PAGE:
Western sanctions on
The sanctions are intended to block oil sales and banking transactions. But they are providing far less than a hermetic seal. In fact, new leaks are springing almost every day. And, as
Recently, leaders of 120 nations met in
Even with all of that and more, life for the majority of Iranians right now is bleak. Most food now costs at least twice what it used to. Unemployment is rising; 30 percent of Iranians under 25 can't find a job. Inflation is clawing toward 25 percent. The ranks of the really poor are rising.
But in truth, none of that has anything whatsoever to do with the government's decisions on its nuclear program. While the price of cooking oil is rising above what some people can pay, wealthy Iranians are buying record numbers of high-end luxury cars -- BMWs, Mercedes, Maseratis, Porsches -- even though with taxes and sanctions they can cost up to
"Buyers are paying upfront for these cars," one car salesman told an AFP reporter.
You see, with all the attention on
The people in government, and those who work for them, are doing quite well, thank you.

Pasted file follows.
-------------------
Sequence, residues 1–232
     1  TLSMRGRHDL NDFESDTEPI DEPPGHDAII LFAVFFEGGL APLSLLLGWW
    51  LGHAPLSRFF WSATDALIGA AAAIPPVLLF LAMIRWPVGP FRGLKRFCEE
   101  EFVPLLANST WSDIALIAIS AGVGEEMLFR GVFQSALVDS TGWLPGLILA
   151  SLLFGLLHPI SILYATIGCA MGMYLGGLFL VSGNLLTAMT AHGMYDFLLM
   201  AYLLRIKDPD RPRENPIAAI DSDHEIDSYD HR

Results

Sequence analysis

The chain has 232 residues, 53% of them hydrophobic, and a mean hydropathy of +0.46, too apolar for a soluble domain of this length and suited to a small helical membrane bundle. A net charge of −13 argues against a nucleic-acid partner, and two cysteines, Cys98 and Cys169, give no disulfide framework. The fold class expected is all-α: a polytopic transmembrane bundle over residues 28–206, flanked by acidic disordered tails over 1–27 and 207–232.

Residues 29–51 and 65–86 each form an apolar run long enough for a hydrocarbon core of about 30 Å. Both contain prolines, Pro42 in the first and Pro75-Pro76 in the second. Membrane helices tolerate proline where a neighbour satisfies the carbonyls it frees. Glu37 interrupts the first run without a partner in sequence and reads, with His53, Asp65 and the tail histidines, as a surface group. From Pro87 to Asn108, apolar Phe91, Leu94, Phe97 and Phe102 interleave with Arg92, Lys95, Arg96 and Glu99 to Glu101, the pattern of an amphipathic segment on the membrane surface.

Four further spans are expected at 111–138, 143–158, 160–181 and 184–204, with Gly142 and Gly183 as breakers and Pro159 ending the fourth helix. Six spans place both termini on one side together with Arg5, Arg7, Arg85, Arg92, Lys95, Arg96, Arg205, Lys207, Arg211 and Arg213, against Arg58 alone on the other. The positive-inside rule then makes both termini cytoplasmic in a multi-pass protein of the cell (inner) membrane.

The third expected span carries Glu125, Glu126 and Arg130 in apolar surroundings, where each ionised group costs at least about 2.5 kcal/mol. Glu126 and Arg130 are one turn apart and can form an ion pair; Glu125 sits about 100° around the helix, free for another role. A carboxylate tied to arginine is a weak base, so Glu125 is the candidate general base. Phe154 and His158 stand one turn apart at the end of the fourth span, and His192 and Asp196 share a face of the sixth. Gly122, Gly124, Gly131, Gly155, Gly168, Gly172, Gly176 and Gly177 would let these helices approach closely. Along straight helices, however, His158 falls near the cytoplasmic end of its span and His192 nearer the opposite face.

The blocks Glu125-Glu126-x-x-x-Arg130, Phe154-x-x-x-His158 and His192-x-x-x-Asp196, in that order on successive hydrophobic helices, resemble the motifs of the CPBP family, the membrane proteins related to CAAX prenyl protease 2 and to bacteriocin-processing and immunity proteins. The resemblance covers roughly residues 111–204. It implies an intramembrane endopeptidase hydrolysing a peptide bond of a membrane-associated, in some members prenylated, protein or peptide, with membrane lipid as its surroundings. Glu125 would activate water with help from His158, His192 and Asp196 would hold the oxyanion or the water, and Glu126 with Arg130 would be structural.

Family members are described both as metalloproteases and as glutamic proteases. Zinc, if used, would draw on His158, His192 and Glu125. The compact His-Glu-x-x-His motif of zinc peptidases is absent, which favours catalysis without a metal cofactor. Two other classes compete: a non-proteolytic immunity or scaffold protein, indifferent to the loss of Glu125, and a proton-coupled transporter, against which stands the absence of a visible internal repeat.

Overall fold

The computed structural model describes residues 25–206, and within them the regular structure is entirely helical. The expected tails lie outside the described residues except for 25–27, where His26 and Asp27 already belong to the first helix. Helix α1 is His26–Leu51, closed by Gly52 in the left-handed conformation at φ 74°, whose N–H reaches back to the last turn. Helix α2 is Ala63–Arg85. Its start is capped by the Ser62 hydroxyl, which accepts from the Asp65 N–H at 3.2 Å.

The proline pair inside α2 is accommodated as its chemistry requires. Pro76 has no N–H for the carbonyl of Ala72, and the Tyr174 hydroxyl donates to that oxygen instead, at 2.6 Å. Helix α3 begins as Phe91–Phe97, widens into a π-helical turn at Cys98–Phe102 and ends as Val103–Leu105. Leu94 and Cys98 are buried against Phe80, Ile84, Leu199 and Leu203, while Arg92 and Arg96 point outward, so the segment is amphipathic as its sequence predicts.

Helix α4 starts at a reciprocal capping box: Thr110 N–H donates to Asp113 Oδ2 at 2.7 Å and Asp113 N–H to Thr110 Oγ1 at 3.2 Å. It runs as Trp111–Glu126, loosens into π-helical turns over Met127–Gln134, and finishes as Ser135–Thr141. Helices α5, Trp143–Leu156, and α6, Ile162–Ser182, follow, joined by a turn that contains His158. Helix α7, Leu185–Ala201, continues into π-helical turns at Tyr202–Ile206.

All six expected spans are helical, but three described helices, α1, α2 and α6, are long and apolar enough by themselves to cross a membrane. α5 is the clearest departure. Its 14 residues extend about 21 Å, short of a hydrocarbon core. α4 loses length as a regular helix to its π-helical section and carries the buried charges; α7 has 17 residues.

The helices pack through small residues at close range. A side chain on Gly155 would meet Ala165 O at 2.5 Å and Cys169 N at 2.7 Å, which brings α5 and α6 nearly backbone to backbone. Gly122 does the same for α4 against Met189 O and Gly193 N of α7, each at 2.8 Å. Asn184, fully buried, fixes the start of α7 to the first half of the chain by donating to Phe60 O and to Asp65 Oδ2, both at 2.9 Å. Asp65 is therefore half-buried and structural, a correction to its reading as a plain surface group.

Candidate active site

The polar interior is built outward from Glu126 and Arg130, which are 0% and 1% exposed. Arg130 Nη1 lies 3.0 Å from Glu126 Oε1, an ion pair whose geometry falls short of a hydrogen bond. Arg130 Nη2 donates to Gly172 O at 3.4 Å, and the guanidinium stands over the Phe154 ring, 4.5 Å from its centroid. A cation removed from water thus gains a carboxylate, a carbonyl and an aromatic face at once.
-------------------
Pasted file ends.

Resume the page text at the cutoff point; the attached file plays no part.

In fact, Majd added, "this isn't so bad for the regime. It gives them a chance to crack down" and blame all of it on the Americans. Most Iranians aren't really able to react because "they are preoccupied with food prices and inflation."
So, sanctions can work only under one circumstance -- if the Iranian people stand up and protest their plight, just as they did after that fraudulent election in 2009. Even then it would have to be a mass uprising powerful enough to throw the government out -- or force it to change.
Well, here we are after more than a decade of sanctions, two months after another fraudulent election, and there's no evidence at all that Iranians are planning to stand up. In fact, in Majd's view, while ordinary Iranians are struggling, "it's more about discomfort than absolute hunger" -- not bad enough "to cause them to riot."
He and other Iranians say they believe moderate discomfort, the struggle to buy enough food, is so preoccupying that it's making an uprising even less likely.
What alternatives does that leave the West? Military action, of course, is the most oft-discussed option -- particularly in
That could work, in theory. But I can't see
This feels like a stalemate with no palatable non-miliary alternative. Meantime, last week
The debate now is between those who believe
Both options are unacceptably scary.
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(c) 2012. Tribune Media Services, Inc.